Mar 5, 2013 at 7:39 pm #1300056
I'm looking for a true 2-man tent/tarp for my dad (65, VERY arthritic hippy who may have trouble finding his shelter at night…especially if he's actually consumed the mushrooms he found on the trail….)
When he hikes with me (which, thanks to going lighter, he's been able to do for the first time in 20 years!) it's mostly during really buggy seasons (Mosquitos, biting flies, ticks…). He not the limberest of guys, and actually couldn't even get in my hexamid to see the inside.
So I'm looking for something easy to get in/out of, easy to pitch, and I can use it as a back up shelter myself or as a real 2-person space if I need one.
Looking around I'm intrigued by the SMD lunar duo, but I haven't seen much mentioned about it in the past year or two. Does no one like this one anymore? Is there something better I should be looking at?
It can't take up too much space because he usually fills his pack with a lot of rocks. So packing small is important!! I don't want to have to carry his stuff…..Mar 5, 2013 at 7:50 pm #1961927
I don't understand why it needs to be a 2-person shelter. A large one-person just wouldn't work (I'm thinking of a Lightheart Gear Solo, perhaps even a Solo Plus)?
And have you considered hammocks? Doesn't have to bend way over to get in, many folks who use them will tell you it's the most comfortable sleep they get in the backcountry, and is easy on pressure points. Just a thought.Mar 5, 2013 at 7:50 pm #1961928
Greg FBPL Member
@gregfLocale: Canadian Rockies
A taller mid with a tall zipper might help a lot for getting in. And if you get a yellow MLD one it should be easier to find. A duomid might work well to get in and have lots of spaceMar 5, 2013 at 7:53 pm #1961930
Travis LeannaBPL Member
What about the Squall II?
I liked it when we had it.
Or if you REALLY want room, the CB3. Also looks really easy to get in and out of. If it doesn't work out, you can sell it on Gear Swap……to me……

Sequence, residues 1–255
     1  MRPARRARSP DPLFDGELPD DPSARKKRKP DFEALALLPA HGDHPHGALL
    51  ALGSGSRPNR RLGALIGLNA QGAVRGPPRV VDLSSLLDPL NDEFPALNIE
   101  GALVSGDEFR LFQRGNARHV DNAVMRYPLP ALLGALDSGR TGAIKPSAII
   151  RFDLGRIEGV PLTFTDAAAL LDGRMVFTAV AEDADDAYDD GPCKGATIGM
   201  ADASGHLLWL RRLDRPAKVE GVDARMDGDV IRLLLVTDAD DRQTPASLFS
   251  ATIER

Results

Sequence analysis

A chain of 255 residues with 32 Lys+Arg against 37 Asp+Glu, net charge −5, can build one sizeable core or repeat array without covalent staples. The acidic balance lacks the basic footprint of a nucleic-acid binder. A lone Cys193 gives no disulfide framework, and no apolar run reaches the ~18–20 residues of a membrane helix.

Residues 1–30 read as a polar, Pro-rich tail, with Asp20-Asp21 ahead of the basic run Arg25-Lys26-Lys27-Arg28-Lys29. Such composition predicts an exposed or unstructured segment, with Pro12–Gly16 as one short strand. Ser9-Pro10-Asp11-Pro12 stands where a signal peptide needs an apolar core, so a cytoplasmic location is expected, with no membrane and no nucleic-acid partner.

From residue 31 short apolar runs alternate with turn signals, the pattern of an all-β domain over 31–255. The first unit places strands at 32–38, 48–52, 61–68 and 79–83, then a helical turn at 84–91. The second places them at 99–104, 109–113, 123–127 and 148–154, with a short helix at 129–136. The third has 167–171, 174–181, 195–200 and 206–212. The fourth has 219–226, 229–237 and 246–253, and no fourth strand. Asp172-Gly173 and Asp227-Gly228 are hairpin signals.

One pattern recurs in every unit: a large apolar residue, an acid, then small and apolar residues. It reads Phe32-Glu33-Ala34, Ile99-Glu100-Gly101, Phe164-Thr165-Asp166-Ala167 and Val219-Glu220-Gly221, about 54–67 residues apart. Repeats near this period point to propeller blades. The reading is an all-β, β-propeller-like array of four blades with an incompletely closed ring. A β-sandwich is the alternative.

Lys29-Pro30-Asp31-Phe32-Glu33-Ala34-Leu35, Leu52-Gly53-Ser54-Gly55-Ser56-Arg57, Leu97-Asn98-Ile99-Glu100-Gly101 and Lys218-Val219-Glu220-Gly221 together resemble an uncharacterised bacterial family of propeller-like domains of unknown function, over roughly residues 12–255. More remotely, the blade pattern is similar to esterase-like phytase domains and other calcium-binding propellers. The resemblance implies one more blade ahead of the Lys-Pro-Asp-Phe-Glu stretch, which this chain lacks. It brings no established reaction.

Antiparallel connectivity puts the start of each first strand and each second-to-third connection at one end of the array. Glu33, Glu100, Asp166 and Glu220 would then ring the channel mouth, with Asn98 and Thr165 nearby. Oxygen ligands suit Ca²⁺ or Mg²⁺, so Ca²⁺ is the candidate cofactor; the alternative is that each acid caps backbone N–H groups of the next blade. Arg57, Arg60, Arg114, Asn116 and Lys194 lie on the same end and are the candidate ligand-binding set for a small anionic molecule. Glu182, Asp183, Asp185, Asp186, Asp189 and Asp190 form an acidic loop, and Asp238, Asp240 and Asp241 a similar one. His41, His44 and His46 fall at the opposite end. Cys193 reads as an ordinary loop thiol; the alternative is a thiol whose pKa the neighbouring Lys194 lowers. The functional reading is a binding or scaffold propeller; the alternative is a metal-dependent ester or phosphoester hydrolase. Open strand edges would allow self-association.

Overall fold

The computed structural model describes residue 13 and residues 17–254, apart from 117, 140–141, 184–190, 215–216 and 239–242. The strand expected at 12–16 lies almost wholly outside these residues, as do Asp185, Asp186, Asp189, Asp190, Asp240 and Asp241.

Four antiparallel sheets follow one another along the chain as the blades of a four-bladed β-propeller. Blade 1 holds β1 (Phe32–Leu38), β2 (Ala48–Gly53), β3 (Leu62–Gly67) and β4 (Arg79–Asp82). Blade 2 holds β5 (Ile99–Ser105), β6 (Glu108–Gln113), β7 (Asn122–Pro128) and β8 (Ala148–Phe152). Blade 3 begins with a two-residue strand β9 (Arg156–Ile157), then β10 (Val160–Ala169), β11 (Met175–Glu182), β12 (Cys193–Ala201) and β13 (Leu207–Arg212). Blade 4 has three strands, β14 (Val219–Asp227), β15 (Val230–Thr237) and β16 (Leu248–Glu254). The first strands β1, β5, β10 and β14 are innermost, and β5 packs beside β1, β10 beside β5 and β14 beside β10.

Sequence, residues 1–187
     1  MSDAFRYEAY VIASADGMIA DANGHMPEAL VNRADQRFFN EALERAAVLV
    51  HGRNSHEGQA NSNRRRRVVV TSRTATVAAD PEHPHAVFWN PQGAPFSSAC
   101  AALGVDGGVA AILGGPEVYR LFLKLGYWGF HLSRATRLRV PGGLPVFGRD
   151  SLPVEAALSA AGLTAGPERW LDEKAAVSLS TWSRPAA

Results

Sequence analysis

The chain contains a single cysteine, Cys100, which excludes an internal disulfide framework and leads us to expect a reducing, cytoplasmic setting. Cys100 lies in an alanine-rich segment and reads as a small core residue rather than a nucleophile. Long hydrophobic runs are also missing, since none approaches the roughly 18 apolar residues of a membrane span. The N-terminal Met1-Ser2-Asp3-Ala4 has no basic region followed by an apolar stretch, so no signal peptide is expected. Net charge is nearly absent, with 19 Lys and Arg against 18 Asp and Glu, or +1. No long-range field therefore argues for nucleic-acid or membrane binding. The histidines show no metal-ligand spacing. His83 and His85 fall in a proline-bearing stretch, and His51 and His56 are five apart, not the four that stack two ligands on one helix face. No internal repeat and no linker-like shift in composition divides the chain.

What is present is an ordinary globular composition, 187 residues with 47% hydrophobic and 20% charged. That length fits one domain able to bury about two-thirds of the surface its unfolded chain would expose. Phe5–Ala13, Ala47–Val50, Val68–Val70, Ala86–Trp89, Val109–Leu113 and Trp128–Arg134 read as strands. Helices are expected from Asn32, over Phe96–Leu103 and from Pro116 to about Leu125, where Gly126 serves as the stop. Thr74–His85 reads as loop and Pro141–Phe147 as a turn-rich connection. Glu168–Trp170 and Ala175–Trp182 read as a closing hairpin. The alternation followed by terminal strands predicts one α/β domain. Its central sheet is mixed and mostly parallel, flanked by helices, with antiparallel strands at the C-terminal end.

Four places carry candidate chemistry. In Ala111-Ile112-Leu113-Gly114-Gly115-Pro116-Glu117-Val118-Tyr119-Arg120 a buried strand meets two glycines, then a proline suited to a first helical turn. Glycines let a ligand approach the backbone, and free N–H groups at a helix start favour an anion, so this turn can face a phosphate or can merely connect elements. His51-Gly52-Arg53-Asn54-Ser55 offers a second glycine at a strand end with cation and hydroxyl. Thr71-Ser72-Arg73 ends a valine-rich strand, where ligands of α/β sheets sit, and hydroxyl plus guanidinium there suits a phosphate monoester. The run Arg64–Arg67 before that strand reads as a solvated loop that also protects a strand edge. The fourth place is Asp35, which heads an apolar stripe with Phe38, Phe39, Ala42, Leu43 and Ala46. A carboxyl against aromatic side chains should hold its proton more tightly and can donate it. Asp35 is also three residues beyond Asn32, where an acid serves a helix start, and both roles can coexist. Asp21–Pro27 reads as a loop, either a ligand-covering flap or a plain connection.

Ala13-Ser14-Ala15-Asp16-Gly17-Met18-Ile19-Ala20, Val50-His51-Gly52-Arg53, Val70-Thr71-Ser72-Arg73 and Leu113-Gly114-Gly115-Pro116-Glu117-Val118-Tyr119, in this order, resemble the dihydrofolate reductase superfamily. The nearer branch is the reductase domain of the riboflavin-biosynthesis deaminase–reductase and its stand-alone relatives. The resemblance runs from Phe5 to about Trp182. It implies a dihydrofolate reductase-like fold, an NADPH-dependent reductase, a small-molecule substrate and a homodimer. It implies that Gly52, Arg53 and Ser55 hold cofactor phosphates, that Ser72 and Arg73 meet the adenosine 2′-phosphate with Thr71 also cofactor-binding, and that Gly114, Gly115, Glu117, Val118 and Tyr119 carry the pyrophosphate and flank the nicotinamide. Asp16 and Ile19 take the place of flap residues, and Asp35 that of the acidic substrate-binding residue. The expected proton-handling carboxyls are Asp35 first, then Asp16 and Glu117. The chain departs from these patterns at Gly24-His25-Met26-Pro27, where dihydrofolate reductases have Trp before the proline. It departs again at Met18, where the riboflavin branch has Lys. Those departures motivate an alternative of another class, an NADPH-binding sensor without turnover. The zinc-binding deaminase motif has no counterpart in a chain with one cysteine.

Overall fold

Whatever you do, make sure to replace any guylines with something reflective, like Kelty Triptease.Mar 5, 2013 at 7:58 pm #1961935
Because my dad insists that at some point he can convince my mother to join him on an outing. She used to camp quite a bit, but hasn't in a looooong time. But my dad is so excited about getting back out there he's trying really hard to get her to join him.
Plus I was thinking something more enclosed or mild snow worthy than my cuben hexamid (net floor) so that my dog and I (and possibly a gentleman friend…) might use it as well. Multiple functions, right?? This way ill have a bit of flexibility with shelters…right now all I have is the hexamid.Mar 5, 2013 at 8:02 pm #1961936
Double Rainbow? Openings on both sides makes it easy for two to get in and out of.Mar 5, 2013 at 8:02 pm #1961937
Nick VanBurkleoBPL Member
A good hammock setup seems like the smartest solution to me. I can't imagine that severe arthritis and sleeping on the ground would increase his enjoyment of the outdoors.
Lightweight two-person hammocks do exist and can be quite comfy.Mar 5, 2013 at 8:20 pm #1961944
Franco DarioliBPL Member
Highly biased opinion but I would think that the Strato Spire 2 has to be one of the easiest tents to get in and out particularly in rainy weather.
The poles should be set at 50/52" so the inner is around 45-47" high at the top of the zip.( I can measure if you like…)
16" x 4" packed,40 oz.(plus trekking poles)
If not using trekking poles than the new CB3 could be even easier but will take more room in the pack.
Mar 5, 2013 at 8:24 pm #1961945
Oooo I forgot about that one. That does look awfully easy to get into and out of. He was using my old big Agnes fly creek 2 person but had a heck of a time getting out. Sold that one and need to find something better. He actually might like the hammock idea, but that doesn't help ME with a nice two-person-1-dog shelter option.
And it's always about me.
How easy is the SS2 to set up? Is the net separate?Mar 5, 2013 at 9:01 pm #1961962
Franco DarioliBPL Member
how easy ?
For me very, but all tents are…
Here is how I do it:
that really is my second set up and the first time I did it "my way"
i did that to show Henry how I was setting it up in my head and then never bothered to try a smoother or faster attempt.
yes it is a genuine double wall ,integral pitch. You can set up the inner by itself and you can also get a fabric inner too.Mar 5, 2013 at 9:52 pm #1961985
Stuart .BPL Member